Callonitis

(76 words)

Author(s): Wiesehöfer, Josef (Kiel)
[German version] (Καλλωνῖτις, Kallōnîtis, other form of the name Χαλωνῖτις/ Chalōnîtis). Area mentioned by Pol. 5,54,7 and considered part of Media, directly west of the great  Zagrus passes along the upper Diyālā; here  Antiochus [5] III had the corpse of the rioter  Molon impaled; neighbouring region of Apolloniatis. Str. 16,1,1 considers C. as still part of Ἀτουρία, i.e. Mesopotamia. Wiesehöfer, Josef (Kiel) Bibliography H. H. Schmitt, Unt. zur Gesch. Antiochos d.Gr. und seiner Zeit, 1964, Index s.v. Chalonitis.

Rulers

(2,915 words)

Author(s): Cancik-Kirschbaum, Eva (Berlin) | Kahl, Jochem (Münster) | Wiesehöfer, Josef (Kiel) | Eder, Walter (Berlin)
I. Ancient Orient [German version] A. Terminology Designations for rulers include: (1) descriptive terms like the Sumerian LUGAL (literally 'big man'), equated in vocabularies with the Akkadian šarru ('shining one(?)'), malku ('adviser', Hebrew melek), Hittite ḥaššu- ('well-born one'); furthermore, Sumerian NUN and Akkadian rubāum ('most excellent one'), and Sumerian EN, Akkadian bēlu, Hittite išḫa- ('lord'); these apply regardless of the size and structure of the area of rule. Feminine forms are recorded. (2) Culture and epoch specific titles (a…

Family planning

(619 words)

Author(s): Wiesehöfer, Josef (Kiel)
[German version] Although a distinction was made in ancient gynaecology between abortion and contraception (Sor. 1,60), the corresponding methods and practices cannot be precisely separated the one from the other. On the one hand, conception was regarded as a process, and its interruption at an early stage of pregnancy was certainly regarded as contraceptive; on the other hand, in view of deficiencies in understanding as to the point of conception, a device used as a contraceptive could also produce an abortion.  Child Exposure must also be regarded as a form of family planning. If Hipp…

Pan Ku, Pan Chao

(57 words)

Author(s): Wiesehöfer, Josef (Kiel)
[German version] Siblings (1st cent. AD), authors of the Hanshu (Qian Hanshu), the official Chinese dynastic history of the Former or Western Han, containing information on the Parthian empire (Parthians; Parthia), among other subjects. Wiesehöfer, Josef (Kiel) Bibliography D.D. Leslie, K.H. J. Gardiner, The Roman Empire in Chinese Sources, 1996, s.v. Pan Ku/Pan Ch'ao.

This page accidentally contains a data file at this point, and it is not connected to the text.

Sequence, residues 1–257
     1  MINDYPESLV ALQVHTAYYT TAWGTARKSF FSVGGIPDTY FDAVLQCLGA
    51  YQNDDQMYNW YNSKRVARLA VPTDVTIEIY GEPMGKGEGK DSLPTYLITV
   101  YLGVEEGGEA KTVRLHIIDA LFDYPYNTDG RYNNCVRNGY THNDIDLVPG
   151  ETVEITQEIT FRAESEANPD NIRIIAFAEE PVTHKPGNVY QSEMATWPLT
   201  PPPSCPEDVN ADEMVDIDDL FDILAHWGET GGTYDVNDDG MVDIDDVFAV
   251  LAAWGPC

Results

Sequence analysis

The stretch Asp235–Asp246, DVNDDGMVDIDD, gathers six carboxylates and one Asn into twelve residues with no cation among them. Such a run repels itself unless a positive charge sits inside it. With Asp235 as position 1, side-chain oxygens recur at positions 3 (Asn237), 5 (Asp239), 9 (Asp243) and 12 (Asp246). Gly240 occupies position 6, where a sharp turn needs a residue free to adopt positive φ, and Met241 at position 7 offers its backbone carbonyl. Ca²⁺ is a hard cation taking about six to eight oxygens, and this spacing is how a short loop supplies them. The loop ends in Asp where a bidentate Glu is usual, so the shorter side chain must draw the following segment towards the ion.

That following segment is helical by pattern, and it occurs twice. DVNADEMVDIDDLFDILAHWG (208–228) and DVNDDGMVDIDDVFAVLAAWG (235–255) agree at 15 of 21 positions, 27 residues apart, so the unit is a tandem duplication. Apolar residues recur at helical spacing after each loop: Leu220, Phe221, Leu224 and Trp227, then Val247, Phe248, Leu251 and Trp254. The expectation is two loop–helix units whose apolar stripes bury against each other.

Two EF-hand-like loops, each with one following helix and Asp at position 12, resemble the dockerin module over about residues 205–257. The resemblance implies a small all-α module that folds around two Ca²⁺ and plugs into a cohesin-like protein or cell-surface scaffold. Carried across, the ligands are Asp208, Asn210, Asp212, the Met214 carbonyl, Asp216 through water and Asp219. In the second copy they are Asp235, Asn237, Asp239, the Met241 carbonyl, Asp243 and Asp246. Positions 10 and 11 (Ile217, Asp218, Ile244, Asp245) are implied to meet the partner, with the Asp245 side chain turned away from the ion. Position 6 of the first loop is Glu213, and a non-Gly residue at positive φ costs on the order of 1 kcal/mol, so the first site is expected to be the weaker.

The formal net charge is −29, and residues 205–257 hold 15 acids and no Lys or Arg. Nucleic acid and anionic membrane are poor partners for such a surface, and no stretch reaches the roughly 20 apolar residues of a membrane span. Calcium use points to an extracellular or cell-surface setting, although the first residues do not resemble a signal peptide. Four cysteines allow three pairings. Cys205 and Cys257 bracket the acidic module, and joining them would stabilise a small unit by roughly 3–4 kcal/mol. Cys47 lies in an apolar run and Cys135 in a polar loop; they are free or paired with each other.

Geloni

(52 words)

Author(s): Wiesehöfer, Josef (Kiel)
[German version] (Γελωνοί; Gelōnoí). According to Hdt. (4,102; 108f.; 120; 136), agricultural Scythian tribe in the neighbourhood of the  Budini and speaking a Graeco-Scythian hybrid language; descendants of Gelonus; originally Greek refugees from Greek trade settlements. They apparently took part in the battle against  Darius [1] I. Wiesehöfer, Josef (Kiel)

Nabarzanes

(70 words)

Author(s): Wiesehöfer, Josef (Kiel)
[German version] (Ναβαρζάνης; Nabarzánēs). The chilíarchos (commander) of the royal cavalry of king Darius [3] III.; described in admiring terms by Curt. (esp. 5,9-10). Nabarzanes was the only Persian commander who was successful at the battle of Issus and was with Bessos at the time of king Darius' murder. He later surrendered to Alexander [4] the Great in Hyrcania (Arr. Anab. 3,23,3f.). Wiesehöfer, Josef (Kiel) Bibliography Berve, vol. 2, no. 543.

Megabates

(144 words)

Author(s): Wiesehöfer, Josef (Kiel)
(Μεγαβάτης; Megabátēs). Name of several distinguished Persians, including: [German version] [1] Father of Megabazus [2] Father of Megabazus [2] (Hdt. 7,97), cousin of Darius [1] I and of the satrap Artaphernes [2]. He commanded the unsuccessful assault on Naxos (500 BC; Hdt. 5,30-35). He may be identical with the M. who was replaced by Xerxes as satrap of Hellespontian Phrygia in 477 (Thuc. 1,129,1), or the M. who is described as an ‘admiral’ in [1. 8,5-7]. Wiesehöfer, Josef (Kiel) Bibliography 1 G. G. Cameron, Persepolis Treasury Tablets, 1948. [German version] [2] Son of Spithridates T…